This is the first time that glucosinolates have been found in fleshy fruits. Their concentration in the pulp is higher than in the seeds. The two main glucosinolates [2-(α-l-Rhamno pyranosyloxy) Benzylglucosinolate; and O-(α-Arabinosyloxy) enzylglucosinolate[ have chemical structure which is typical to the Resedaceae family, one of those is new to science. The considerable intraspecific variation of glucosinolate content in the pulp was also partially explained by the variation in the environmental conditions. The greenhouse experiment indicated that glucosinolate concentration in fruit pulp was mainly affected by the sulfur content in soil. To a lesser extent, the pulp glucosinolate concentration was negatively related to water availability. Glucosinolate level varied among sites and between seasons, and was depended upon extrinsic rather than intrinsic factors of the plant. These findings support the theory that the level of secondary metabolites in fruit pulps is a non-adaptive trait. Nevertheless, many questions about the role of glucosinolates in plants and about the factors that govern their production remained unsolved.

In sum, we detected considerable intraspesific variation in fruit attributes. We also showed that this variation is partially explained by abiotic environmental conditions. Nevertheless, part of this variation is probably due to factors that were not examined here, such as differential selective pressures by different fruit consumers (dispersers and predators) or genetic differences among individuals and among populations.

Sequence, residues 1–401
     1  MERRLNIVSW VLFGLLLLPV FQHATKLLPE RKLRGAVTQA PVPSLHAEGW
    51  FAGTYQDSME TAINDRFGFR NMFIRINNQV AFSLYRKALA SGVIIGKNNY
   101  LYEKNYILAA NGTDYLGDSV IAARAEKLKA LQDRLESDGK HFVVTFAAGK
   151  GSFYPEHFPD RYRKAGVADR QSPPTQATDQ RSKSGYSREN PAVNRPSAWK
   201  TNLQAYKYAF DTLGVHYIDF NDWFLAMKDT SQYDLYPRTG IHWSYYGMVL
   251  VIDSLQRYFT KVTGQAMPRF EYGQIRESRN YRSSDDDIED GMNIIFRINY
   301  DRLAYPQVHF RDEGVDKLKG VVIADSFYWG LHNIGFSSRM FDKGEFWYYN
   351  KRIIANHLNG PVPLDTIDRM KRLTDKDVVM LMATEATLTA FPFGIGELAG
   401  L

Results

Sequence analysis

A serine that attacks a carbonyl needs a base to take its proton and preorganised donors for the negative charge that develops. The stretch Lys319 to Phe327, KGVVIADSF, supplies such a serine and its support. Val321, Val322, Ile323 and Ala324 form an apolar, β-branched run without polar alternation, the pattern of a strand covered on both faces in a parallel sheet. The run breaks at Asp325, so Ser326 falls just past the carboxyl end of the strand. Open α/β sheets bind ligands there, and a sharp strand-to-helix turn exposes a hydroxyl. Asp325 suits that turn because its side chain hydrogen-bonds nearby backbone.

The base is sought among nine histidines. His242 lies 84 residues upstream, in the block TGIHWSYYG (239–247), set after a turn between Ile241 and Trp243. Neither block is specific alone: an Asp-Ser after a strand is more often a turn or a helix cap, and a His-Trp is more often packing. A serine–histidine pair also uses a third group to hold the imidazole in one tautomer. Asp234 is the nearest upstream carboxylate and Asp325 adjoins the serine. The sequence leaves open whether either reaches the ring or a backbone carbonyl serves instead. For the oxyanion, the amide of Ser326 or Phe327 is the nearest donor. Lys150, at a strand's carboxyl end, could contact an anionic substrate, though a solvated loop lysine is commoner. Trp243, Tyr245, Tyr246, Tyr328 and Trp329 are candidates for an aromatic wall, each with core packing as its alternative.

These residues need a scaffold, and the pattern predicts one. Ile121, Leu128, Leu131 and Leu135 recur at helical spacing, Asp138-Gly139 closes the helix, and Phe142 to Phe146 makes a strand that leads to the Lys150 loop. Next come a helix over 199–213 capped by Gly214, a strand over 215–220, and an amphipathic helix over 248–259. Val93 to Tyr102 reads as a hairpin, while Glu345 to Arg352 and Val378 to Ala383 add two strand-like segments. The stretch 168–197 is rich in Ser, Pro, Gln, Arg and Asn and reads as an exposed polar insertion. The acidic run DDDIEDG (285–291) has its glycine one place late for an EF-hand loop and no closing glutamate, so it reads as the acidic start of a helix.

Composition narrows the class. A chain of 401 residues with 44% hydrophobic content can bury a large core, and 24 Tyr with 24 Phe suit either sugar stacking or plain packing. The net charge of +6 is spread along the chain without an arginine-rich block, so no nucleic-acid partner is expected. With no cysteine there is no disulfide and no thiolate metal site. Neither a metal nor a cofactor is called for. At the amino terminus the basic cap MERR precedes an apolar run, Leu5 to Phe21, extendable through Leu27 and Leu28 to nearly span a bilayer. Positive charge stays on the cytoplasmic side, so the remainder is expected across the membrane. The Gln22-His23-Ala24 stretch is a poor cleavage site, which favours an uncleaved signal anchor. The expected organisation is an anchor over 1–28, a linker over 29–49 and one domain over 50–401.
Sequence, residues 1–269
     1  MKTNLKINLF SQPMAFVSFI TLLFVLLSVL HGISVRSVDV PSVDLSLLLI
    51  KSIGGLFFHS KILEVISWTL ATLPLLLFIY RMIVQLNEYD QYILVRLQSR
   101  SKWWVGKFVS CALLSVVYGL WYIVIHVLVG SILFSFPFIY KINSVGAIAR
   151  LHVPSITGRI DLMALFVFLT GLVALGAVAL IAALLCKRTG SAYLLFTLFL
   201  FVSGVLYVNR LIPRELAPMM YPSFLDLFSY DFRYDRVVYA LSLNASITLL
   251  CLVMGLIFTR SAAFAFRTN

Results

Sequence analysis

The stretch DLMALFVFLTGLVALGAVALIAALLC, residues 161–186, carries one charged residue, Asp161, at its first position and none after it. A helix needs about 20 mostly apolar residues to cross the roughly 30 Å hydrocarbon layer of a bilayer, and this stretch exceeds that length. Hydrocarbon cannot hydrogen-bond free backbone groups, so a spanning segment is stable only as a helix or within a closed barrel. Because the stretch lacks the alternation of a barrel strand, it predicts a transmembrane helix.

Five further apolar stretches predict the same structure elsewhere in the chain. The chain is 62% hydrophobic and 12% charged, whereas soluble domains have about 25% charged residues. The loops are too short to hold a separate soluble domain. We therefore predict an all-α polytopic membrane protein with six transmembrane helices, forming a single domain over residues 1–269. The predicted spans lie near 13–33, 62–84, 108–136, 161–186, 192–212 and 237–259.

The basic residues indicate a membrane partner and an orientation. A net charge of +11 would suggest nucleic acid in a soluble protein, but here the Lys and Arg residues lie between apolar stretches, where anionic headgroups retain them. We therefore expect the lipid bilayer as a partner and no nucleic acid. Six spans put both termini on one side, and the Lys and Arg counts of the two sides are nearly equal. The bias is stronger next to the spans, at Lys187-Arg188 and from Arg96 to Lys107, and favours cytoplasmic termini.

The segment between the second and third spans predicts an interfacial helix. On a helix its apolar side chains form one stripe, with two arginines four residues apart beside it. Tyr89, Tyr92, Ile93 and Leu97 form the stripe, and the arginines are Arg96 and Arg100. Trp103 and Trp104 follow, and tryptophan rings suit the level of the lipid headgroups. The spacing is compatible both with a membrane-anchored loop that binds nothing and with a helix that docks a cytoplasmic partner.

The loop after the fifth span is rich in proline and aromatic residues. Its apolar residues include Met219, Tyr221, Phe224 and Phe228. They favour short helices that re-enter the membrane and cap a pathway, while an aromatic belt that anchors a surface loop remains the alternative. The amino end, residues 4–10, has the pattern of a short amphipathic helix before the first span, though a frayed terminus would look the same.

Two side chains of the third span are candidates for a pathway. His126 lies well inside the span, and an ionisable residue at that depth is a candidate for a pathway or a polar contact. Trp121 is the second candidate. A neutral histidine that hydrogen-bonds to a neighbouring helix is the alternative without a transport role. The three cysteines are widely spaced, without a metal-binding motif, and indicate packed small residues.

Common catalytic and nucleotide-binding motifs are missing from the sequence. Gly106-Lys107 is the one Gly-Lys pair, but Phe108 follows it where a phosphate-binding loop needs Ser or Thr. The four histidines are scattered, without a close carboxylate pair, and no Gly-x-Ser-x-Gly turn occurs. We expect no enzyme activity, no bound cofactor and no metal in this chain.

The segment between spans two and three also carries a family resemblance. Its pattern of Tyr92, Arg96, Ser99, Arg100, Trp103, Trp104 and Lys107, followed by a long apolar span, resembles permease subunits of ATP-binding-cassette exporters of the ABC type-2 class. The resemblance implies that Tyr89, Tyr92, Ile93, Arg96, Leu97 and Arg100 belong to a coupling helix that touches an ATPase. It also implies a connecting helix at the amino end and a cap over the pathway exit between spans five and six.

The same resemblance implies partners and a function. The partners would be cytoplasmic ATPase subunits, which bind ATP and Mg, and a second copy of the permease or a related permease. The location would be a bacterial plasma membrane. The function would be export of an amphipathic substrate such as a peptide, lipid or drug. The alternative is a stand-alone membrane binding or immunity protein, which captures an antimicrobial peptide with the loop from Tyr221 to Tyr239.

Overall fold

2. Review of fleshy-fruited plants and frugivores in desert ecosystems

A traditional emphasis on the rarity of fleshy fruit in deserts has contributed to a paucity of information about the importance of frugivory in desert systems. We compared the Ochrodenus baccatus frugivory system to that of the New World interaction between chilies (Capsicum annuum) and their dispersers, and more generally synthesized information on desert frugivory and its ecological significance. We found ample evidence that frugivory plays an important role in the ecology of deserts, generating a particularly high degree of spatial structure in fleshy-fruited species. This spatial structure in fruiting species may itself be a general emergent property of xeric systems that exerts a great deal of influence on frugivore behavior, creating positive feedbacks and a yet higher degree of resource aggregation. Thus, fleshy-fruited species found in arid environments may be disproportionately important ecologically, since they provide precious resources for a wide diversity of animals, and the increased activity of animals in the vicinity of fleshy-fruited desert plants can generate islands of productivity, structuring both plant and animal communities. The patterns of aggregation and the potential effects on animals are not unique to xeric systems, but the relative simplicity of desert ecosystems makes these patterns easier to study, thus providing unique opportunities to gain insight into major unanswered questions in the study of seed dispersal ecology. A review of these phenomena suggested nine avenues in which future research would be particularly valuable:

 

This project was supported by the International Arid Land Consortium (IALC) ($100,000;  2003-2006).